KABUL, Afghanistan - The U.S. special envoy for Afghanistan, Zalmay Khalilzad met the leaders of the hardline group, Taliban at their political headquarters in Qatar, but at the end of the three-day meeting, no agreement was struck.
Khalilzad, who declared a deadline of April 2019 to end a 17-year-long war that has torn apart Afghanistan, failed to receive any commitments from the insurgent group.
On Monday, Taliban announced that it had held discussions with the U.S. special envoy for Afghanistan over engaging in peace talks, but clarified that the talk ended with no agreement.
Taliban spokesman Zabiullah Mujahid said in a statement that leaders of the group met Khalilzad at their political headquarters in Qatar for the second time in the past month.
He said in a statement, These were preliminary talks and no agreement was reached on any issue."
Further, three Taliban officials confirmed that Taliban leaders had not accepted any deadline set by the U.S. to wrap up talks.
So far, the U.S embassy in Kabul has not made any official comments.
Meanwhile, the security situation in Afghanistan continues to decline as Taliban insurgents continue to intensify their battle to reimpose strict laws in the country.
The country is suffering an unprecedented level of casualties as Taliban steps up attacks on the beleaguered Afghan security forces.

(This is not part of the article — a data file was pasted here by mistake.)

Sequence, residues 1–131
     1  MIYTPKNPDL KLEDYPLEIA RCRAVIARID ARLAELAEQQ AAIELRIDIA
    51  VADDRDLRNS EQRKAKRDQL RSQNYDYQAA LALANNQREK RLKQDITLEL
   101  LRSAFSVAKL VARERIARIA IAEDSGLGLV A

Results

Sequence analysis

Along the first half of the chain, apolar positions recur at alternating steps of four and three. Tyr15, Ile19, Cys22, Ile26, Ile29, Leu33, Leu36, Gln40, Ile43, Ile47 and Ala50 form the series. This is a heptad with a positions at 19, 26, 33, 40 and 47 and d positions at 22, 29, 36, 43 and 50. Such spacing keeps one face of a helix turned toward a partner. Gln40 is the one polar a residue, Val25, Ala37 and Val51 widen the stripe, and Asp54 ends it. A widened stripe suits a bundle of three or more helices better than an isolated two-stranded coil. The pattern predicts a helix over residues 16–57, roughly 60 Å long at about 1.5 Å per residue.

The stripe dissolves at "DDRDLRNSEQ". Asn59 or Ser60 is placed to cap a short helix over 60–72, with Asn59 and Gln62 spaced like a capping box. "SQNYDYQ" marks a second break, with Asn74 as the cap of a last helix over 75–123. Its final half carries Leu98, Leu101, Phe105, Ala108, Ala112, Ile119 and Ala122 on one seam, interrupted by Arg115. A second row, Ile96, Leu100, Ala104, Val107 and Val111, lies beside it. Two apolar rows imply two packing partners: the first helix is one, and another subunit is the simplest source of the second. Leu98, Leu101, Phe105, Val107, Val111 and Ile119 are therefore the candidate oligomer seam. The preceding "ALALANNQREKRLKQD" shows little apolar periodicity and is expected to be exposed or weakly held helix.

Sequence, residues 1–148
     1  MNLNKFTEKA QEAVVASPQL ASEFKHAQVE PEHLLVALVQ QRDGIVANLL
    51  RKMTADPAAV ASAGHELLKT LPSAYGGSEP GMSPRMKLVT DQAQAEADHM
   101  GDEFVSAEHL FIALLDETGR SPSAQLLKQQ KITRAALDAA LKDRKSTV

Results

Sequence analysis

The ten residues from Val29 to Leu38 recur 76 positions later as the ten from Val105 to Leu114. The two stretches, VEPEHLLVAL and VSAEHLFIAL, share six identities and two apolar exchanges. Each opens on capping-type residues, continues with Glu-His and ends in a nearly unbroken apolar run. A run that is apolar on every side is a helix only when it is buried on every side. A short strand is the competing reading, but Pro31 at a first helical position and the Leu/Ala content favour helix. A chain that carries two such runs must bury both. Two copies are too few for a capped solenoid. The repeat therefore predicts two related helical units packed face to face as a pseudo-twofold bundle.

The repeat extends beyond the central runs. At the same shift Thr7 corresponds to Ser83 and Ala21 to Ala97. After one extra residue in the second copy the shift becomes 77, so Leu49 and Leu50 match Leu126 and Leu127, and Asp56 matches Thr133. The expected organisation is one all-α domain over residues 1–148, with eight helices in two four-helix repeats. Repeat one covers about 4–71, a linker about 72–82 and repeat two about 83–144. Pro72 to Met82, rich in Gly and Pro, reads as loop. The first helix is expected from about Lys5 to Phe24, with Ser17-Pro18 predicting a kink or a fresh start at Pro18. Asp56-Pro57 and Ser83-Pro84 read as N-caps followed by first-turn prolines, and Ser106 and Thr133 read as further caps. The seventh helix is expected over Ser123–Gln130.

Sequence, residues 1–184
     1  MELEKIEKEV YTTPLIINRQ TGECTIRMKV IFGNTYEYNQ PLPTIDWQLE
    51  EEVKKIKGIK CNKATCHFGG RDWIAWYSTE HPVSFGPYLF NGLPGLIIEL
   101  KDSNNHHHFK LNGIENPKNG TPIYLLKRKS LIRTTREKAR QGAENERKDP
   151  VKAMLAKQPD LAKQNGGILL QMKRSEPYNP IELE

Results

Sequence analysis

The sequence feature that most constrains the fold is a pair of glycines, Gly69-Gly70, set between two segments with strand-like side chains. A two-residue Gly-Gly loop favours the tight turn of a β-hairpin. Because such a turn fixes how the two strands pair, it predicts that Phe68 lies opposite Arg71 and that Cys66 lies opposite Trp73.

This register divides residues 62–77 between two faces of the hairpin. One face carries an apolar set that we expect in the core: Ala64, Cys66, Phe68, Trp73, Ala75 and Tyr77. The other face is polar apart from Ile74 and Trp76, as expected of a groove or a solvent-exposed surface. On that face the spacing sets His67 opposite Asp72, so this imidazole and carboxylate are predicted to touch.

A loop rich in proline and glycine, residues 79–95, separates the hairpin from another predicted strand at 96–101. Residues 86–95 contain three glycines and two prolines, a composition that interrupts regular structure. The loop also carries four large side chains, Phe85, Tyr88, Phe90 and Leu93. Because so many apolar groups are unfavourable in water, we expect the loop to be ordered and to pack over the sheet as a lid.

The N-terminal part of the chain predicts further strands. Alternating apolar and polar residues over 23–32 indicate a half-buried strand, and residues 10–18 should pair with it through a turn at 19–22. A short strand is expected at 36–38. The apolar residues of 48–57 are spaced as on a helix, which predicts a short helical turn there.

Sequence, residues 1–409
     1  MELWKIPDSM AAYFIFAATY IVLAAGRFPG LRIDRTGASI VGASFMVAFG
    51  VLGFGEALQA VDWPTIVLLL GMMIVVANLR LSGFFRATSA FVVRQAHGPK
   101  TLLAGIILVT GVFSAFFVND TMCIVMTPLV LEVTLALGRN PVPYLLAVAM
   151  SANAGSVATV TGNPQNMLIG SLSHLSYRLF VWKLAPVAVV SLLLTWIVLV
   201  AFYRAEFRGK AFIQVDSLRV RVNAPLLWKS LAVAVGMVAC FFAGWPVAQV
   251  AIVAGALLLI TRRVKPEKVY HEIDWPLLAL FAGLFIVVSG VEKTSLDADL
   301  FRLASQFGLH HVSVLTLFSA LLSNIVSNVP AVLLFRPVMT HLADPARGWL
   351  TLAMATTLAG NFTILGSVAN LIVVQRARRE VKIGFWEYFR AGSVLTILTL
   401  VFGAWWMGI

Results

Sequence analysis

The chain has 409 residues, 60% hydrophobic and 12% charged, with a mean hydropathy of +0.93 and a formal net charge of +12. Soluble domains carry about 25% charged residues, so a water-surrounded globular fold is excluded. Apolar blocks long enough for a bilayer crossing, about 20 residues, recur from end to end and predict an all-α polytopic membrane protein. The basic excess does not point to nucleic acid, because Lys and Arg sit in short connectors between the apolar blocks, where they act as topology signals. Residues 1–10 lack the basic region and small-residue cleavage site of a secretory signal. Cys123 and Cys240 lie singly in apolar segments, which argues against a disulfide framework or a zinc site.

Earlier this month, the Afghan President Ashraf Ghani revealed that the death toll among Afghan soldiers and police is nearing 30,000 since the start of 2015.
The figure left several nations shocked since it is far higher than anything previously acknowledged.
According to officials, the spate of attacks has turned deadlier since 2014, when NATO formally ended combat operations in the country.
According to a recent report released by the U.S. Special Inspector General for Afghanistan Reconstruction (SIGAR), the NATO mission in Kabul has confirmed that this summer's toll had been worse than ever for Afghan forces.
The meeting between the Afghan-born U.S. diplomat, Khalilzad and Taliban was the second Taliban-U.S. meeting in two months.
On Sunday, Khalilzad, who has been authorized by the U.S. President Donald Trumps government to lead peace negotiations with the militant group said he hoped to cut a peace deal with the group by April 20.
His meeting with the group in Doha came after his visit to Kabul following a second round of regional meetings with top government officials aimed at coordinating efforts on ending the war.
However, Taliban said on Monday, "We want to reassure our Mujahideen and Muslim nation that the representatives of the Islamic Emirate will never agree to anything that does not adhere to Islamic principles."
The U.S.-set deadline to end the war coincides with the date set for the critical presidential elections in Afghanistan.
However, on Monday, a senior Taliban member said that Khalilzads strategy to declare a deadline showed how desperate the U.S. was to withdraw foreign forces.
The Taliban member clarified, Taliban leaders have not agreed to any deadline because we are winning on all fronts."
Further, Khalilzads public statement made over the weekend angered the insurgent group since the U.S. official said that the Taliban believe they will not win militarily.
Taliban warned U.S. officials against mixed messages that could muddle the peace process.
A senior Taliban member in Afghanistan said, We were astonished to see Khalilzads statement in Kabul on Sunday. He wrongly quoted us, saying that the Taliban admitted that militarily we would not succeed."